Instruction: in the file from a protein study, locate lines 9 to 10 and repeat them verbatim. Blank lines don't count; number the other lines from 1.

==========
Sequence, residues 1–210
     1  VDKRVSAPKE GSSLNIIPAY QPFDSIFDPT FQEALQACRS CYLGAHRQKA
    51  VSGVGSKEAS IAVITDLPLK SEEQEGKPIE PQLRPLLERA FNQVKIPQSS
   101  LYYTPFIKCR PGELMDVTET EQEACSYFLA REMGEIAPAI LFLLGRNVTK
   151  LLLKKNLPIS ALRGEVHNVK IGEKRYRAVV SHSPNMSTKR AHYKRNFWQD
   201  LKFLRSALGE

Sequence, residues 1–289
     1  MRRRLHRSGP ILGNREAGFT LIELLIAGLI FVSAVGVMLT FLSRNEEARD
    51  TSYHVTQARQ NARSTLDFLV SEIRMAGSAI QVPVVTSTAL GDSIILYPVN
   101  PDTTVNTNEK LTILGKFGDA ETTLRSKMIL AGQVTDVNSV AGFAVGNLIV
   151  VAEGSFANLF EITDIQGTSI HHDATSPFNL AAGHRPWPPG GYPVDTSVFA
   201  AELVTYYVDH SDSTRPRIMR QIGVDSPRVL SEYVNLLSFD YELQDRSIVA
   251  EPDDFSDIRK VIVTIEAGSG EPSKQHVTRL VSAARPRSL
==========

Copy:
    51  TSYHVTQARQ NARSTLDFLV SEIRMAGSAI QVPVVTSTAL GDSIILYPVN
   101  PDTTVNTNEK LTILGKFGDA ETTLRSKMIL AGQVTDVNSV AGFAVGNLIV